|Industry||Wargame and Role-playing game publisher|
|Headquarters||Hayward, California (originally Oakland)|
|Key people||Greg Stafford, Charlie Krank, Sandy Petersen, Lynn Willis|
|Products||Call of Cthulhu|
Chaosium is one of the longer lived publishers of role-playing games still in existence. Founded by Greg Stafford, its first game was actually a wargame, White Bear and Red Moon, which later mutated into Dragon Pass and its sequel, Nomad Gods. White Bear and Red Moon is notable for containing the first published material about Glorantha, later used as the primary setting for the role-playing games RuneQuest, Hero Wars and HeroQuest. Chaosium is the publisher of Call of Cthulhu, based on the stories of H.P. Lovecraft.
The rules of RuneQuest, Chaosium's first role-playing game, were distilled down into a generic, genre-neutral format known as Basic Role-Playing (BRP). These generic rules formed the basis of many of Chaosium's later RPGs, such as Call of Cthulhu, Stormbringer, Nephilim, and Ringworld.
Chaosium and Greg Stafford are also responsible for Pendragon, an Arthurian RPG now published by White Wolf, Inc.'s ArtHaus imprint after a spell with Green Knight Publishing. Other games of note include Mythos, Elfquest, Worlds of Wonder, Superworld, Hawkmoon, Stormbringer, and the frequently forgotten Prince Valiant: The Story-Telling Game.
Three magazines, until recently all of them defunct, had been published by Chaosium to promote its products:
- Wyrm's Footnotes ran for fourteen issues from 1976 to 1995. Initially it was a supporting material publication for White Bear and Red Moon but for its 11th issue, in 1981, it had become the official RuneQuest magazine.1The magazine was revived in 2012 by Moon Design Publications, continuing the issue numbering at 15, despite the 17 year hiatus.
- Different Worlds. Forty-seven bimonthly issues from Different Worlds were published. Chaosium, from 1979 to 1985, published the thirty-eight first ones and Sleuth Publications, from 1985 to 1987, the nine last ones. In spite of being an old Chaosium's and Stafford's collaborator, Tadashi Ehara was the editor of the magazine during the periods concerned by both publishing houses.2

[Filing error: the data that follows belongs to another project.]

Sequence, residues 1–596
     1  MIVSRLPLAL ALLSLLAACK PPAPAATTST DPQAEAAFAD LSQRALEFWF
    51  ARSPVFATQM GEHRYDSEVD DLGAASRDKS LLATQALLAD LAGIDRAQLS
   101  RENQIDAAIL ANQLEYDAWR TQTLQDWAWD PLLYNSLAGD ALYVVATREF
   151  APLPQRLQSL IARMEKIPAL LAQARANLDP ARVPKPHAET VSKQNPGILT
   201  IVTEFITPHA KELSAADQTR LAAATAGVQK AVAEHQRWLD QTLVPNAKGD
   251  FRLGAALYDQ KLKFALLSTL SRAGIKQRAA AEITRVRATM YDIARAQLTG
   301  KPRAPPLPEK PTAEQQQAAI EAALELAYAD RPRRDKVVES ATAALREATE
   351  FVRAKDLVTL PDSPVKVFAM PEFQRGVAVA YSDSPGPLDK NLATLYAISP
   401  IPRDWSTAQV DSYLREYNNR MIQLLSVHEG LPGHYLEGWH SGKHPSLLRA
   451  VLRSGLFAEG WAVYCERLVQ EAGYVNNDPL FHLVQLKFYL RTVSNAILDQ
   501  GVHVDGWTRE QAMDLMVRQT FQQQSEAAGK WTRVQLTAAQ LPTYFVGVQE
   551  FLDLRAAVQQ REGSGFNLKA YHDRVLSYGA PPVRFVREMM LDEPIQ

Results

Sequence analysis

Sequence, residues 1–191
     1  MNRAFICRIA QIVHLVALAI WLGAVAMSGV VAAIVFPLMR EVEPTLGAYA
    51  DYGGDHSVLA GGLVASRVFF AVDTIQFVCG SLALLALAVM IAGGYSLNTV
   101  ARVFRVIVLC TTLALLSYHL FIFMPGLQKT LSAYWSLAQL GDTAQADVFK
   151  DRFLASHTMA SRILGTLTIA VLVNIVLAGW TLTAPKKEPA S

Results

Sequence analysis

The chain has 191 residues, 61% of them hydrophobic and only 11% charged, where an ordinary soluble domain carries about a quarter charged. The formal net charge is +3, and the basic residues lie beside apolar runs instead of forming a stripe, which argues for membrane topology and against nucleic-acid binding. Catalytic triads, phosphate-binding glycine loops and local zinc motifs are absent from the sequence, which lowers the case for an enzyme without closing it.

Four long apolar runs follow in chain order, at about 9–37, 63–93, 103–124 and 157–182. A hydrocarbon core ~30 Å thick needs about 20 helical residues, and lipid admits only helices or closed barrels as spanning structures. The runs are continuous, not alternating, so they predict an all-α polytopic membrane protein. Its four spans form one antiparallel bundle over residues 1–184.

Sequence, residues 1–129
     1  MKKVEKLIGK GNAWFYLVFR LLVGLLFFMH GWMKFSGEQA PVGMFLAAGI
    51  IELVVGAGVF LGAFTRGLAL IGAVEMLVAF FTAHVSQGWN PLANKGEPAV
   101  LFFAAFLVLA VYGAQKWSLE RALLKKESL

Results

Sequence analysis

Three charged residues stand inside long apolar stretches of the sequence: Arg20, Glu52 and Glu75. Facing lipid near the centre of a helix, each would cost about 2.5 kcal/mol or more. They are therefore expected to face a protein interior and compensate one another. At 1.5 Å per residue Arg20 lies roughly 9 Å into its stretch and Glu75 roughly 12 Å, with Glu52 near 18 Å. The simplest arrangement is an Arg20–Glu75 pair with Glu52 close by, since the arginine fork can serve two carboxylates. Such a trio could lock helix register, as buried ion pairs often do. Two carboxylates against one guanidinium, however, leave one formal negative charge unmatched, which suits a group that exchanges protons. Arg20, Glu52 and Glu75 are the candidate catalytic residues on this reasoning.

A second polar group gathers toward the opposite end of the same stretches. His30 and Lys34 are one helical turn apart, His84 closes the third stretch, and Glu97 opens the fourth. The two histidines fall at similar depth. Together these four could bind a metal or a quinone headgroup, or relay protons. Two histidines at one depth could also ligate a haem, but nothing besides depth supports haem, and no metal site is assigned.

- Starry Wisdom, a Lovecraft themed magazine, three issues of which Chaosium published in 1997.3
Some Chaosium products have been translated into French, Portuguese, Japanese, German, Spanish and Italian, and were available in France from Jeux Descartes, in Germany from Pegasus Press, in Spain from Joc Internacional and La factoría de ideas and in Italy from Stratelibri and Grifo Edizioni.
In the mid-1980s, Chaosium entered into a complex arrangement with Avalon Hill to publish RuneQuest material while Chaosium maintained editorial control over Glorantha-based material for the game (which Avalon Hill would publish). While this agreement reportedly kept the company in existence, it also left RuneQuest moribund, leading to products of questionable quality, long gaps with no products published at all, and, eventually, the death of the game altogether.
In the late 1990s, Chaosium effectively split up into various successor companies, each maintaining its focus on a few of the company's products. Green Knight Publishing formed to focus on Pendragon, Chaosium "proper" retained Call of Cthulhu, Stormbringer, and Mythos, while Greg Stafford (who left Chaosium in 1998) founded Issaries, Inc. to publish HeroQuest and focus on bringing new Glorantha related material into print. Also, Wizard's Attic (no longer in business) was formed in order to act as a fulfillment house.
Chaosium continues to release roleplaying supplements for its Call of Cthulhu and BRP product lines. In 2012, Cthulhu by Gaslight won two Ennie awards at GenCon Indian;, Gold for Best Supplement and Silver for Best Cover Art.4 Later that year Cthulhu by Gaslight also won the Diehard GameFAN award for Best Re-Make/Re-release. Mythic Iceland by Pedro Ziviani won the Diehard GameFan award for Best Campaign Setting.5 Chaosium successfully funded a kickstarter for a re-release of the box-set campaign, Horror on the Orient Express.6 In 2013 Chaosium returned to Fantasy Roleplaying with its release of a new edition of Magic World.7
- Wyrm's Footnotes review, by Shannon Appelcline
- Main Different Worlds issues, every one of them listed and linked to its own description page
- Starry Wisdom description page in Chaosium's official website